Can a monkey or other non-human species own a copyright? That was essentially the question in a lawsuit filed by PETA (People for the Ethical Treatment of Animals) back in 2015 on behalf of Naruto the monkey – technically called a crested macaque.
In 2011 Naruto became an overnight sensation when her “selfie” went viral. David J. Slater, a British photographer, went to the Tangkoko Reserve in Indonesia to photograph the endangered primate species. After having no luck getting a face shot, the photographer put his camera on a tripod with a remote trigger. It was shortly after that the curious Naruto approached the camera, pressed the shutter button, and took the famous selfie. And as they say, the rest is history.
PETA filed the lawsuit arguing that Naruto the macaque should be the owner of the copyright of her now famous image. The photographer, who sells signed copies of the print on his website, and whose book titled “Wildlife Personalities” feature the “monkey selfie,” disagreed claiming that the images were taken under his production and with his equipment.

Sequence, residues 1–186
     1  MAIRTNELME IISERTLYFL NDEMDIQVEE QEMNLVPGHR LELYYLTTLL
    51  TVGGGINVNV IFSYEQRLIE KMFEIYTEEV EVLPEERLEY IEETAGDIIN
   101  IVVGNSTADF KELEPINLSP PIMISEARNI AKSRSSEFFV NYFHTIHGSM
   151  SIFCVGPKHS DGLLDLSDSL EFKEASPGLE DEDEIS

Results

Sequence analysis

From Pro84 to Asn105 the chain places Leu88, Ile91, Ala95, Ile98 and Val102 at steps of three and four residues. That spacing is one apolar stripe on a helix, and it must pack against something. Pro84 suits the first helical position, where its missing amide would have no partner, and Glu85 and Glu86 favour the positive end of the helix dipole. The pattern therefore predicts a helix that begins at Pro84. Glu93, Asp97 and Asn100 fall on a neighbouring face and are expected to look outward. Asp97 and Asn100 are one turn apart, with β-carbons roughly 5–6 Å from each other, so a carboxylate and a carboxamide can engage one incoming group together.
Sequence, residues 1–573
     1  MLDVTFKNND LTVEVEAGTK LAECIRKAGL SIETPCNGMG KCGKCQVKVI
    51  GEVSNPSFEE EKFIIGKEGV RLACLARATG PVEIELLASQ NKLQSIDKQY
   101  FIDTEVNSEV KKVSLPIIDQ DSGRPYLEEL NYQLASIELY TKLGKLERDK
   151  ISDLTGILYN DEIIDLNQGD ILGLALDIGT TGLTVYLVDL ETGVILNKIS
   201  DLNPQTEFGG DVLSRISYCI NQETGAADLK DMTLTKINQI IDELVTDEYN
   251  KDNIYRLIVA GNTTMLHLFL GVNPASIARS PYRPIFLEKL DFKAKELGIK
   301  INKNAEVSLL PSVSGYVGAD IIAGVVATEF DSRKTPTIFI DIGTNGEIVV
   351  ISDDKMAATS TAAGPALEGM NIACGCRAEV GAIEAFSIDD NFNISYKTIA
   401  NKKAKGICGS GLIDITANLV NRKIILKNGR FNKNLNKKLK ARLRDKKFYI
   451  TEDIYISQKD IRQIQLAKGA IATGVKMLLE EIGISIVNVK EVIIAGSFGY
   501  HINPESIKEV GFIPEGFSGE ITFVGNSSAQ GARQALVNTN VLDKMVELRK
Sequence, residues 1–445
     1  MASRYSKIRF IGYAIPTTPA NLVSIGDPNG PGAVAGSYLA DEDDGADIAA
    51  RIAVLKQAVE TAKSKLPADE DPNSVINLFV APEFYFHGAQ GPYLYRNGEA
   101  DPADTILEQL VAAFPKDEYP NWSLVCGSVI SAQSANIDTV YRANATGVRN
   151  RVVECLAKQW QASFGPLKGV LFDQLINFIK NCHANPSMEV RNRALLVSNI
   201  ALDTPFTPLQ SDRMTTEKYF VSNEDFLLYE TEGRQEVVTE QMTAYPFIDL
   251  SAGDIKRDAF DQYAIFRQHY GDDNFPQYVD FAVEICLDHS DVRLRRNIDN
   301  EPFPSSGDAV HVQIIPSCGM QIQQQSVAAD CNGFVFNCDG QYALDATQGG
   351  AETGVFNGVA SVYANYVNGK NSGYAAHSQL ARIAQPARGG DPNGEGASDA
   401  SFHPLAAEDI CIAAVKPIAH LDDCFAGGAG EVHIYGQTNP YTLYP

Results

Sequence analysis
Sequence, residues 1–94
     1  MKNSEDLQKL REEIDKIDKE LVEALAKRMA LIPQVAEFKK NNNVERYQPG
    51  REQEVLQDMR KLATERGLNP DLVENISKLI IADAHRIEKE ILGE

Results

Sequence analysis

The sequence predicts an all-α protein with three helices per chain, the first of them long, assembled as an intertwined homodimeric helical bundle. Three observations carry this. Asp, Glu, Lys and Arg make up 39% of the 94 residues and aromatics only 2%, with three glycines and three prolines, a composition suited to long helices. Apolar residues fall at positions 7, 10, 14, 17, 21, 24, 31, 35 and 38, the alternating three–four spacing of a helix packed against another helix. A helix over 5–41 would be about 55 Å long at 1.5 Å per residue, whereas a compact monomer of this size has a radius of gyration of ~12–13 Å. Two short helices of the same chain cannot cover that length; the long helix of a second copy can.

In a tentative opinion written in 2016, U.S. District Judge William Orrick stated that there was “no indication that the U.S. Copyright Act extended to animals.” The case was summarily dismissed. Shortly after, PETA filed an appeal with the Ninth Circuit Court of Appeals, and on July 12th of this year the first oral arguments were heard in a San Francisco courtroom. Then in August both parties requested that the court not rule on the case because they were close to reaching a settlement.
On September 11th a settlement was reached. The photographer agreed, going forward, to donate 25% of any future proceeds from the photograph to organizations that protect the crested macaque. PETA stated they were pleased the case brought to light vital issues dealing with expanding legal rights to non-human animals. Although he claims he suffered financially, the photographer agrees.
So as judge Orrick originally ruled, current copyright law does not apply to any non-human species.
That’s it for now. I am Attorney Francine Ward helping you protect what’s yours. Join my conversation on my Law Facebook Page, my Law Twitter Page, my Google+ Page, and in a discussion on my LinkedIn Page.